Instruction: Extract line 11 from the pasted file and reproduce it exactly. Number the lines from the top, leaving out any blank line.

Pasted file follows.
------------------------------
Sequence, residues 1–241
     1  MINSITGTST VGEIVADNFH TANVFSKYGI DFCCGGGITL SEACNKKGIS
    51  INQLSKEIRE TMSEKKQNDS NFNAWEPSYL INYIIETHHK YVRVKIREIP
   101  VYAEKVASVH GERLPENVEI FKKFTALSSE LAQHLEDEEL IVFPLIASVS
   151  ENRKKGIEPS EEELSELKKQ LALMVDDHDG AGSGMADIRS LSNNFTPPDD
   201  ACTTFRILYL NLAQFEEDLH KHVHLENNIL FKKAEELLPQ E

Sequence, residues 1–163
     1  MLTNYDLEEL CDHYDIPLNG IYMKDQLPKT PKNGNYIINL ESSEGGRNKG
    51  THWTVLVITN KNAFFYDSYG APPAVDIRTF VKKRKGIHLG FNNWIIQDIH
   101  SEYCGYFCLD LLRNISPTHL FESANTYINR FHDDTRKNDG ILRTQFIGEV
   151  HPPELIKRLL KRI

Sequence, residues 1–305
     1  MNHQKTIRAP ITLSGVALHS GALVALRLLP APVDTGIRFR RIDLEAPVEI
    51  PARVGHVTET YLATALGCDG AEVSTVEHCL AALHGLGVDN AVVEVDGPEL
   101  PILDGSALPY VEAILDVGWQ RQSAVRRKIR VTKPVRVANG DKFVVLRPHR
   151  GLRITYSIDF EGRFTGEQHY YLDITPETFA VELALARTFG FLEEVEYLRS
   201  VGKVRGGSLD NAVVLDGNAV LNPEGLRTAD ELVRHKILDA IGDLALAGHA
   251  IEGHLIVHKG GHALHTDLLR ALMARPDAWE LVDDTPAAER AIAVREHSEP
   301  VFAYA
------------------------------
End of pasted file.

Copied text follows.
   151  HPPELIKRLL KRI